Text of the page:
Serous ovarian borderline tumors (s-BOTs) and advanced stage invasive ovarian cancer (IOC) differ regarding morphological, clinical and molecular characteristics. s-BOTs show an atypical degree of proliferation lacking obvious stromal invasion . According to the Malpica grading system s-BOTs may be associated with low-grade IOC , while high grade IOCs show marked nuclear atypia and mitotic activity .
Usually s-BOTs are characterized by their excellent clinical outcome as compared to advanced stage IOC [3, 4]. Though, it needs to be noted that, in contrast to IOC, s-BOTs frequently affect younger patients and might, in certain rare but not insignificant cases, also progress into low grade IOC [1, 5]. Since it remains challenging to identify patients at risk, it has been discussed repeatedly, to which extent so called implants, representing extra-ovarian lesions coincidentally occurring in about 20% of particularly serous s-BOT cases, influence patients’ prognosis [1, 4, 6]. While it is broadly accepted that implants presenting with invasive features are of adverse prognostic significance [7–9], the impact of non-invasive implants is less clear. As stated by the WHO non-invasive implants have no to little effect on patients’ outcome, while invasive implants are associated with increased recurrence rates and a significantly reduced 10 year survival . Hence it is critical to further investigate implant pathophysiology and genetic origin.
It remains to be elusive whether implants actually arise independently alongside the ovarian s-BOT as part of a field effect, or whether they may directly develop from the ovarian primary resembling its metastasis. Within the first scenario implants are supposed to be of heterogeneous origin and thus comprise a different genetic pattern as compared to the ovarian tumor while metastases are postulated to rise in a clonal manner and thus should closely mimic their primary. In general, since clonality of neoplastic lesions is discussed to be of prognostic significance, determining the mutation status of s-BOT and their corresponding implants may turn out to be of clinical use.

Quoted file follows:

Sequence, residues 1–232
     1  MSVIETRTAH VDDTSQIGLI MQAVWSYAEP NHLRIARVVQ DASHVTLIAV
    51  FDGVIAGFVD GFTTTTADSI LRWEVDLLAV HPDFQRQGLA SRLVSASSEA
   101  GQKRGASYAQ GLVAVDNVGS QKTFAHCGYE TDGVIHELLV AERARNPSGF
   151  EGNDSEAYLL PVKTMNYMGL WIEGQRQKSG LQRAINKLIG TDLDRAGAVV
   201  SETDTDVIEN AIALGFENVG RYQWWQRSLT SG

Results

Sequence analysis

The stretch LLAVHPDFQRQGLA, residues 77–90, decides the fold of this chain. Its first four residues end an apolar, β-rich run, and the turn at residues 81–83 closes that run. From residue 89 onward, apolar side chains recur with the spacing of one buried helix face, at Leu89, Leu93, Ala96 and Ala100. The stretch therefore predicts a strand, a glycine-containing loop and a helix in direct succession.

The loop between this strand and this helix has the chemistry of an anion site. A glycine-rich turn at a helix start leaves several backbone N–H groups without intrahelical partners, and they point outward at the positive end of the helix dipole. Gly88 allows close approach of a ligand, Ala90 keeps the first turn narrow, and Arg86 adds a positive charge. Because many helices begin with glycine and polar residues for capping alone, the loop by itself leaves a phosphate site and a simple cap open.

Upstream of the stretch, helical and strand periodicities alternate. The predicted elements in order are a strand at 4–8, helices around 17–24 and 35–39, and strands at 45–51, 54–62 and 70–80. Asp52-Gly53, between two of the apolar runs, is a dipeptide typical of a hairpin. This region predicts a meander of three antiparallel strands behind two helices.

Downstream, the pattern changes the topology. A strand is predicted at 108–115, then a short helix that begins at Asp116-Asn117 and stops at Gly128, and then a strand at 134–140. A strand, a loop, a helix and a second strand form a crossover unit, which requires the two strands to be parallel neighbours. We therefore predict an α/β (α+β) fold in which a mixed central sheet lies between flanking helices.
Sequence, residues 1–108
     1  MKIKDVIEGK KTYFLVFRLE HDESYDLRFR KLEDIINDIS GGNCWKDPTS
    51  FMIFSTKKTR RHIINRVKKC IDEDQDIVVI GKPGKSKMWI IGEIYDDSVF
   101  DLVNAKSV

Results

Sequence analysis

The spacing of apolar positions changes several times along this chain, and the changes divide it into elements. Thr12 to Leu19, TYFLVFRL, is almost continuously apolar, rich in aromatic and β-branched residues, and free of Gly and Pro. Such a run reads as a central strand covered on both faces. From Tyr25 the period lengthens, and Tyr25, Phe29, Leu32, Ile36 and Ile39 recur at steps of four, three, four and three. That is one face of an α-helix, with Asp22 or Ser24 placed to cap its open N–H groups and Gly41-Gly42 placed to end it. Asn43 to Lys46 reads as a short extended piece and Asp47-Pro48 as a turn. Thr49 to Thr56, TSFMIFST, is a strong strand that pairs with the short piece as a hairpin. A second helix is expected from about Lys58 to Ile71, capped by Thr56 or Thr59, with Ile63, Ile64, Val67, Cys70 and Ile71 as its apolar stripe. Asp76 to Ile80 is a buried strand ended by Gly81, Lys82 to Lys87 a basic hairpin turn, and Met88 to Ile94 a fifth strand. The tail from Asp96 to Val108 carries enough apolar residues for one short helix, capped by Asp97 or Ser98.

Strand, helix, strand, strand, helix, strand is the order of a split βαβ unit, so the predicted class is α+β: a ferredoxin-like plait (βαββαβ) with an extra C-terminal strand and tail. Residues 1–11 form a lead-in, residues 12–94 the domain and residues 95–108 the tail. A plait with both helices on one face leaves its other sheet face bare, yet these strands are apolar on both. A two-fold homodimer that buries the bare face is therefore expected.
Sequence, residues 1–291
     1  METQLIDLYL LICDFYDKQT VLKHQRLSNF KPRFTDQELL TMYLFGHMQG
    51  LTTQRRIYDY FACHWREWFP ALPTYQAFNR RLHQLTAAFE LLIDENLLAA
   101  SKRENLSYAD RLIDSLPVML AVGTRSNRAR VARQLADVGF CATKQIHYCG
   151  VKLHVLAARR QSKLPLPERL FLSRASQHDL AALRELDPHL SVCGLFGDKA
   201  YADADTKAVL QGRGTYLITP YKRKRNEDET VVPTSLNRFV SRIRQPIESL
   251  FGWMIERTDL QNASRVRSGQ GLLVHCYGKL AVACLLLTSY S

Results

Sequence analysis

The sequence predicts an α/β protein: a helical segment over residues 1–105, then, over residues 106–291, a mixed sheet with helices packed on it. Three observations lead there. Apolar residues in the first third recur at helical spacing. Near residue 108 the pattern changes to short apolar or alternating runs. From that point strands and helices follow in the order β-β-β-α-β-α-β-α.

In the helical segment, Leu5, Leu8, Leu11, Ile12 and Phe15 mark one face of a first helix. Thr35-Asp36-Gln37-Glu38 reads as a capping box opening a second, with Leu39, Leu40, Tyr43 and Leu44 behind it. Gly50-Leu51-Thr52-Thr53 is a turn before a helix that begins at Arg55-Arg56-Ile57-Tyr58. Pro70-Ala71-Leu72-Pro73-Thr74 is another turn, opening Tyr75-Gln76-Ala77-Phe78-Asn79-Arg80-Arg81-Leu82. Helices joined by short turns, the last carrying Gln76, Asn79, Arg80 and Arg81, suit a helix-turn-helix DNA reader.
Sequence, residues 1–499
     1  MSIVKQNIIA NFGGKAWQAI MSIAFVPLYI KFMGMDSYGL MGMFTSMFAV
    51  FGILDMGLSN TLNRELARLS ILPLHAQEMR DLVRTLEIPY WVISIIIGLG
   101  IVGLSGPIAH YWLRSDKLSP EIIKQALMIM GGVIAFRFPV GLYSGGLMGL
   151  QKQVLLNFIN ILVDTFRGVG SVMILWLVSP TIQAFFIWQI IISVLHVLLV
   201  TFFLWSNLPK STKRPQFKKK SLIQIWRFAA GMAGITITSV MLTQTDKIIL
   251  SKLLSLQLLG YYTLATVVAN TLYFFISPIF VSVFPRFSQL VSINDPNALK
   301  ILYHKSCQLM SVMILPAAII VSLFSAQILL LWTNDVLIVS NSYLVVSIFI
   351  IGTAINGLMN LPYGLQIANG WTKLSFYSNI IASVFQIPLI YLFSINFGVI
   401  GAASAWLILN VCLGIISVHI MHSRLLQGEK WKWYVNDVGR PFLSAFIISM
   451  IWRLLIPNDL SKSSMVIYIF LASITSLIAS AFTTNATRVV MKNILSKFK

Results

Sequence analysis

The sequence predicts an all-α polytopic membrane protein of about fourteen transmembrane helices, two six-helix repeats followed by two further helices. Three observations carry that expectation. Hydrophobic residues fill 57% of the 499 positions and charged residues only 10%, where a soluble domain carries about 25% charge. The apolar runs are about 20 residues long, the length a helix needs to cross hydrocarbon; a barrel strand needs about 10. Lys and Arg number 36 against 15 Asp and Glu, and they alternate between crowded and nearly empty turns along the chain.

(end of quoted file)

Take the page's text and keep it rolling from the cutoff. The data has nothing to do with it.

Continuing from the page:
To address this question, this study employed pyrosequencing of KRAS (Kirsten rat sarcoma viral oncogene homolog) and BRAF (v-raf murine sarcoma viral oncogene homolog B1) hot spot regions in s-BOTs and corresponding implants. Since both KRAS and BRAF are known to be frequently mutated in s-BOTs , they are especially suitable to indicate a possible genetic descent of extraovarian implants in s-BOT patients. BRAF and KRAS are upstream activators of the mitogen-activated protein kinase (MAPK) cascade which is commonly hyper-activated in different types of human cancer .
Further, p16INK4a (p16) and p53 immunoreactivity of s-BOTs and associated implants was compared. p16 acts as a cell cycle inhibitor antagonizing MAPK signaling and is compensatory up-regulated under hyper-proliferative conditions including high risk human papilloma virus infection or oncogene activation [13–15]. Accumulation of the tumor suppressor protein p53 was observed in malignant cells  thus leading to the assumption that mutation in TP53 may cause overexpression of p53 protein [16, 17]. Up to now the mechanism leading to p53 up-regulation remains to be controversial . Today, assessing p53 by immunohistochemistry instead of TP53 mutation analysis is a well-established method [18–21] and has been intensively studied [22, 23]. However, it needs to be mentioned that so far p53 immunohistochemistry may not fully resemble TP53 mutation testing. Though high grade IOC is characterized by p53 overexpression, the latter is considered a seldom event in both low grade IOC [24, 25] and in s-BOTs . We included both p16 and p53 immunohistochemistry in order to investigate whether these markers might be useful to match implants and their corresponding s-BOT(s).
Ultimately, our goal was to clarify whether implants actually resemble the mutation (regarding KRAS and BRAF) or protein expression (regarding p16 and p53) profile of corresponding s-BOTs. Further insights on origin and genetic causes of both s-BOTs and corresponding implants may help to identify patient subgroups that might benefit from more individualized therapy.